Serpico (1973)

2012 #30
Sidney Lumet | 125 mins | TV | 1.85:1 | Italy & USA / English | 18 / R

SerpicoBefore Murder on the Orient Express or Dog Day Afternoon, Sidney Lumet directed this true story about a New York cop battling corruption.

Noting it’s a true story, it certainly has a biographical feel. That came as a bit of a surprise, to me at least — I was expecting a thriller about a good cop exposing the corrupt ones, but instead got Frank Serpico’s life story from the time he left training on. It’s not as if it just deals with his professional career — say, showing how his early days formed his moral compass, or something — there’s lots of screen time devoted to his personal relationships too, which may or may not have been relevant to his work. More than a corrupt cop thriller, it’s a biopic about someone involved in that world.

This focus on reality begs one question: just how much is it based in the truth? It makes an uncommonly high claim to reality by including all this near-extraneous detail, but typically “true life” stories, especially those made quickly after the real events, fictionalise things for one reason or another. It wouldn’t matter if it didn’t effect the quality of the film, but I think it does: it feels a bit sloppy at times; kind of disjointed. The timeline jumps forward almost at random; things occasionally seem to go by half explained; there’s no clear throughline… This all plays into the feeling of it being like real life, where nothing — certainly not a police investigation — is as simple or straightforward as it’s usually made out to be for the movies. Which has its pros and its cons.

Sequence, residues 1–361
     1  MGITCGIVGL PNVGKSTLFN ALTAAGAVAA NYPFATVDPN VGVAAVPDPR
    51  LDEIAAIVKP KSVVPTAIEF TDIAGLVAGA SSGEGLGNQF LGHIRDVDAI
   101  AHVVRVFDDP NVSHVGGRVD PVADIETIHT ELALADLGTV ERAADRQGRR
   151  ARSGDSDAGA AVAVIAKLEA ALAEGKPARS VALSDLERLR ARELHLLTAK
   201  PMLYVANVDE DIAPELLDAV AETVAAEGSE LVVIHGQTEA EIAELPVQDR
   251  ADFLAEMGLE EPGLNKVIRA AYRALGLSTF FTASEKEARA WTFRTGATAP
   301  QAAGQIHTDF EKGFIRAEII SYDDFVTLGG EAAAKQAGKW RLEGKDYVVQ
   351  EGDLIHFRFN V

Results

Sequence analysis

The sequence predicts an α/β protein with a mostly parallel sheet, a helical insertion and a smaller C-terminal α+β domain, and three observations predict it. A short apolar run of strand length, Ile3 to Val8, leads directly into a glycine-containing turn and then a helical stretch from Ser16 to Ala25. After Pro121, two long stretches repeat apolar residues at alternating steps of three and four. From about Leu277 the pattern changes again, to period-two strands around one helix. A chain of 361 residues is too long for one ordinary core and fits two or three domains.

Serpico talksAs the titular copper, it’s a typically strong performance from Al Pacino. Not his best work — I don’t think the part really gives him enough to deliver that — but he’s more often than not the most engaging element of the film. This was his fifth film; considering The Godfather was just his third, and he followed this up with Part II and Dog Day Afternoon, it’s easy to see why he’s long been regarded as a Great Actor.

I feel like Serpico used to come up fairly often as a minor classic; the kind of film not a lot of people have seen these days but many more should have; but I don’t feel like I hear it mentioned any more. Obviously this is just a perception and maybe it’s a load of rubbish, but I’m afraid I side a little more with the latter-day less-mentioned side of things.

I would say it feels rather worthy, at least in part for the things I’ve mentioned about its claims to truth. It’s an interesting, sometimes compelling film, but I wouldn’t say I enjoyed or liked it. “Enjoy” is an awkward word — you wouldn’t typically say you “enjoy” Schindler’s List, but you do (you could say) enjoy its greatness. I didn’t enjoy Serpico in the way you would typically say you enjoyed something; nor did I enjoy it in a Schindler’s List way; nor did I really admire it, again for the reasons levelled above. But it has elements of interest nonetheless.

3 out of 5

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